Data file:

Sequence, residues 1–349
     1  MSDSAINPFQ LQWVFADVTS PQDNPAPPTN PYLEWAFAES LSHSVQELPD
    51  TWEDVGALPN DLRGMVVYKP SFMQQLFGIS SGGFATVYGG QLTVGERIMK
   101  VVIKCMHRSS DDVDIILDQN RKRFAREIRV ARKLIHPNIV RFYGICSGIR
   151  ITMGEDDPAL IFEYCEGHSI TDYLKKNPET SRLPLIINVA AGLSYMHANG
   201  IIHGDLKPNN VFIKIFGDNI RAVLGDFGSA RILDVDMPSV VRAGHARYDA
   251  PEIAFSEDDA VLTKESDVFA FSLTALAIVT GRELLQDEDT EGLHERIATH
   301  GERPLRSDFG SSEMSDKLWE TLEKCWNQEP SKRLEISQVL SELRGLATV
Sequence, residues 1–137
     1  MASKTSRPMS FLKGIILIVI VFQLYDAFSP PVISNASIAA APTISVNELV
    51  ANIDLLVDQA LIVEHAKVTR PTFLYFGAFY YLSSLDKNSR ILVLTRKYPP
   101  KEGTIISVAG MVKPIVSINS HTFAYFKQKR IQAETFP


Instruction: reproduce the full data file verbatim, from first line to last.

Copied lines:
Sequence, residues 1–349
     1  MSDSAINPFQ LQWVFADVTS PQDNPAPPTN PYLEWAFAES LSHSVQELPD
    51  TWEDVGALPN DLRGMVVYKP SFMQQLFGIS SGGFATVYGG QLTVGERIMK
   101  VVIKCMHRSS DDVDIILDQN RKRFAREIRV ARKLIHPNIV RFYGICSGIR
   151  ITMGEDDPAL IFEYCEGHSI TDYLKKNPET SRLPLIINVA AGLSYMHANG
   201  IIHGDLKPNN VFIKIFGDNI RAVLGDFGSA RILDVDMPSV VRAGHARYDA
   251  PEIAFSEDDA VLTKESDVFA FSLTALAIVT GRELLQDEDT EGLHERIATH
   301  GERPLRSDFG SSEMSDKLWE TLEKCWNQEP SKRLEISQVL SELRGLATV
Sequence, residues 1–137
     1  MASKTSRPMS FLKGIILIVI VFQLYDAFSP PVISNASIAA APTISVNELV
    51  ANIDLLVDQA LIVEHAKVTR PTFLYFGAFY YLSSLDKNSR ILVLTRKYPP
   101  KEGTIISVAG MVKPIVSINS HTFAYFKQKR IQAETFP